Work seems to have taken over life, but I managed to get the final steps of this Arduino robot build worked out thanks to projects by other people. This version is known as the Simplebot since it uses @ajfisher's plans for the body. I'll resume the turtlebot with a 3D printed body. Here is the complete project for OSX Yosemite:

parts

I am usually anti-clone buying because I think it is important to fund the Arduino project by buying authentic products from authentic vendors. I decided to do this build using Chinese vendors to evaluate a lower cost alternative for folks that can't afford to pay full price for an arduino nano. If you believe in supporting the Arduino project like I do, and you can afford to pay a bit more, buy it from an approved distributor. Prices are approximate and include shipping and duties to me in Canada.

  • arduino nano $5
  • HC-05 or HC-06 bluetooth module $7
  • continuous rotation servo $15 for two. These are also called 360 degree servos. Plastic gear servos are cheaper and work just fine when compared to metal gear servos.
  • mini breadboard $3. You want to make sure this isn't too small as you need space for the arduino, the bluetooth module, the servo pins and extra room for upgrades!
  • body $10. Plans for the body from Nodebots AU are available here. For the body I used dibond (aka epanel) that I was getting cut for my 3D printer. The overall cost was much more, but pro-rated, my cost was $10. You can cut thick cardboard with a sharp blade or laser cut thin wood sheets to do the same. I have some spare dibond bodies here too, contact me for a price.
  • caster or smooth block Free. I had a caster sitting around at home. You want something smooth that will prop up the back end of the bot while it moves around. Around 40mm tall.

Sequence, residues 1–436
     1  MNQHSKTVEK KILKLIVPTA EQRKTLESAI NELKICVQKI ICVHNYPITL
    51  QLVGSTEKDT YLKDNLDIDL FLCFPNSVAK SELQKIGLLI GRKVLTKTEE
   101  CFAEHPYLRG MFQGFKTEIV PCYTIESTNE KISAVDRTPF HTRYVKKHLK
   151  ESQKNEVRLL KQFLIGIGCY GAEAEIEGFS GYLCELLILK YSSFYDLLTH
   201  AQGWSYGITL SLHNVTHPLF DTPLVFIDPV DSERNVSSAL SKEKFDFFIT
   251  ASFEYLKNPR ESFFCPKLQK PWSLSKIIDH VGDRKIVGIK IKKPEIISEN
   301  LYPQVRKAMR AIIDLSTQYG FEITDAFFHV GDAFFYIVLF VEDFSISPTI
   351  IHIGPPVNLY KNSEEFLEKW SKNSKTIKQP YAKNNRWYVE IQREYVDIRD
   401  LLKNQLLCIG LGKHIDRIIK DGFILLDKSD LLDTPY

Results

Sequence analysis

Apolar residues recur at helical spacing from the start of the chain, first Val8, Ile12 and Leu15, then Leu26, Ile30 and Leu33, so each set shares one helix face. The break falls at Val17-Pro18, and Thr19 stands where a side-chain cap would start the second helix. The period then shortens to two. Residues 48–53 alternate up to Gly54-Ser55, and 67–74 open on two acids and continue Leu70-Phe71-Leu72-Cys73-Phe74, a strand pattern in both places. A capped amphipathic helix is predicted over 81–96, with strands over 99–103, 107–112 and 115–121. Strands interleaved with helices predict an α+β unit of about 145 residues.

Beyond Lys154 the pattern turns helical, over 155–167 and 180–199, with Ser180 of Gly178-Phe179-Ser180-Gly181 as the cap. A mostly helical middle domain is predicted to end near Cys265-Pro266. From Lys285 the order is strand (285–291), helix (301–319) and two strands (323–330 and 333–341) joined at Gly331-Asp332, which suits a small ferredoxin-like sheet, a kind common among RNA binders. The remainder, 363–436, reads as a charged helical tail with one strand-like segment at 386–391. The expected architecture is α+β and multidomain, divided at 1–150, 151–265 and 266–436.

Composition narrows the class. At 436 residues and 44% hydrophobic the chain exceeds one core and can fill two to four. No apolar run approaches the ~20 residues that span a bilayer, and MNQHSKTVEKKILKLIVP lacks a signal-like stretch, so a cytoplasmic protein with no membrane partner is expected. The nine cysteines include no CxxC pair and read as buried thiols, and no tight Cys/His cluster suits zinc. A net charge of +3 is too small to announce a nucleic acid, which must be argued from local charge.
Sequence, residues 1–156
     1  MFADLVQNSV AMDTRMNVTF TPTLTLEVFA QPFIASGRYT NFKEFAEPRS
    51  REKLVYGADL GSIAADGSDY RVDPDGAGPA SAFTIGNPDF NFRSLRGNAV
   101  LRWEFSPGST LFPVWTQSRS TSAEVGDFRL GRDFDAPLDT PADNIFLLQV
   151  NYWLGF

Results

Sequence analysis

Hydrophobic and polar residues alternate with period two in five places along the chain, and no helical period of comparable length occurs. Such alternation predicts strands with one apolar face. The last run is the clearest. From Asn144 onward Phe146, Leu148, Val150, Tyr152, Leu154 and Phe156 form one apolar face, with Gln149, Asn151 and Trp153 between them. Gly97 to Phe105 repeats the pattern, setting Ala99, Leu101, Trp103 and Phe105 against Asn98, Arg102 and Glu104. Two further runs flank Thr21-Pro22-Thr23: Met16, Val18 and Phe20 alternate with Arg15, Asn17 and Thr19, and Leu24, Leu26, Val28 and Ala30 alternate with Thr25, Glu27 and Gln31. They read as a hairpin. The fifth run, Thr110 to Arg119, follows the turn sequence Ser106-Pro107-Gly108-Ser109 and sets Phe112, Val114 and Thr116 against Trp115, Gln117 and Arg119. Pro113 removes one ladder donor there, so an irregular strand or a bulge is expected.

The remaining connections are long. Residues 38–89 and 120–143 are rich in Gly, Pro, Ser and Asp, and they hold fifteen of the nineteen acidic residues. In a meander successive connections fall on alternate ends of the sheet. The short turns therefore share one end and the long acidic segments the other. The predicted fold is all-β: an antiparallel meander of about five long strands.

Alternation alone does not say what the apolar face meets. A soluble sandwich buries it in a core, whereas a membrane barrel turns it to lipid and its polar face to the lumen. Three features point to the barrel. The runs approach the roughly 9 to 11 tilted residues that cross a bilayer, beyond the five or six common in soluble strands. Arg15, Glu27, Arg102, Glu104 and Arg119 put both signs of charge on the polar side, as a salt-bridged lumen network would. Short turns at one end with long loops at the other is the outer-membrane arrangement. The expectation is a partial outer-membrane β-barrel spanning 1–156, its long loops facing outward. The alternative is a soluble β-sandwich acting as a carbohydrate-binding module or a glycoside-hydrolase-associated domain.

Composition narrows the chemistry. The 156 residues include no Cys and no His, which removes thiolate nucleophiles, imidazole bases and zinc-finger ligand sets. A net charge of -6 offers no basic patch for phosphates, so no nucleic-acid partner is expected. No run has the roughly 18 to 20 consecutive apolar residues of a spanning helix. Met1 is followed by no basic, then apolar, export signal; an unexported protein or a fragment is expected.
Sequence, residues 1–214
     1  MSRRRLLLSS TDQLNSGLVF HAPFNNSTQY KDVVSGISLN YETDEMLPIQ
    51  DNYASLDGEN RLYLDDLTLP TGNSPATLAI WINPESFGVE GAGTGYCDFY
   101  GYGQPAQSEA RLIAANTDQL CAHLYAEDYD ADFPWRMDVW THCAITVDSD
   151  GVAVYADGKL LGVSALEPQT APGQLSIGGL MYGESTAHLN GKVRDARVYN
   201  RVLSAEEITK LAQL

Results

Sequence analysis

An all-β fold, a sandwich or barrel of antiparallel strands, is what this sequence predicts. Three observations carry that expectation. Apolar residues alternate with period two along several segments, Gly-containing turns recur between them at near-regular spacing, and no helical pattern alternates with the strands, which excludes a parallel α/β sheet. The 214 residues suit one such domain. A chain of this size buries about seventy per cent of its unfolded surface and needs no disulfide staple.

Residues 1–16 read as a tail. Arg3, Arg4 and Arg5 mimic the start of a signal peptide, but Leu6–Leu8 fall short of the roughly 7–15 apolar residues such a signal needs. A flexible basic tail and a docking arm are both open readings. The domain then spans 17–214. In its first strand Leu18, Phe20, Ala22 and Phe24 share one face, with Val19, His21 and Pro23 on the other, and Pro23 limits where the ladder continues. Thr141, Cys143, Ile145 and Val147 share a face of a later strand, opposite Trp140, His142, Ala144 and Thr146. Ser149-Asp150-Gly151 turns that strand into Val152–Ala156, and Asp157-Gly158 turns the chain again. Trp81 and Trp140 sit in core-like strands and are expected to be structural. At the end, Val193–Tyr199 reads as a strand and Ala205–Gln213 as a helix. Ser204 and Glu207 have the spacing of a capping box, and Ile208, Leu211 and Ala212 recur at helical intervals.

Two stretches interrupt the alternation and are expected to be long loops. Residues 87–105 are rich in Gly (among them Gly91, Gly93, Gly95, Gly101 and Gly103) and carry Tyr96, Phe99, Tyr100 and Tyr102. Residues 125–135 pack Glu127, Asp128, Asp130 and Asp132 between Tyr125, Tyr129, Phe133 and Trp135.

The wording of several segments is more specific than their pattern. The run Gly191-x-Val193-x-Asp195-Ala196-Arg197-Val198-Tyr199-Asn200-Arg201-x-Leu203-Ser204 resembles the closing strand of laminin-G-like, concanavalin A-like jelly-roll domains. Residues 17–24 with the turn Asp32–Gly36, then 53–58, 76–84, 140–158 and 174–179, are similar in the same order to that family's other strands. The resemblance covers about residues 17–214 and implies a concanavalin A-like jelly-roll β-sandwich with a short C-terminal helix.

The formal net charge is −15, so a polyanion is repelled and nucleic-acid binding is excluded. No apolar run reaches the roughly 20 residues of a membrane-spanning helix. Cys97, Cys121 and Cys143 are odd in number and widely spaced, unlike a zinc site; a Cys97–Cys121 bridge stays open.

• 6 AA battery holder $3. I bought this at a local electronic parts shop.
  • 6 AA batteries $6. For a total of 9 volts. From a local shop.
  • prototype wiring $4. You can also buy solid core wire as long as it is thin enough to fit in the breadboard holes.

total cost: $53

build

setup arduino

The version of the arduino that I used for this build uses a CH340 USB chip instead of the usual FTDI chip found on most previous arduino boards and their clones.

Drivers for Yosemite and other operating systems can be found on this site.

One thing to note on Yosemite - After you have installed the driver,run this on the command line:

sudo nvram boot-args="kext-dev-mode=1"

Restart your computer.

setup bluetooth

The Firmata software that we will eventually upload to the Arduino board runs at 57600 baud, so we will have to tell the bluetooth module to run at that rate too. We will use your Arduino board to change the baud rate of your Bluetooth module.

Connect the Bluetooth module to your Arduino like this:

Arduino and HC-05

Bluetooth to Arduino connections:

VCC to 5V
GND to GND
TXD to D10
RXD to D11

Hook the Arduino up to your computer with a USB cable and flash it with this script.

Open the serial monitor in the Arduino IDE. If you see the same message as shown below, you're ready for the next step.

Starting config  
OK  
OKlinvorV1.8  
OKsetPIN  
OKsetname  
OK57600  
Done!  

install firmata

Plug the arduino into your computer and upload the latest Firmata to it. Do this by opening the Arduino IDE and selecting Examples > Firmata > Standard Firmata. Upload it to your Arduino.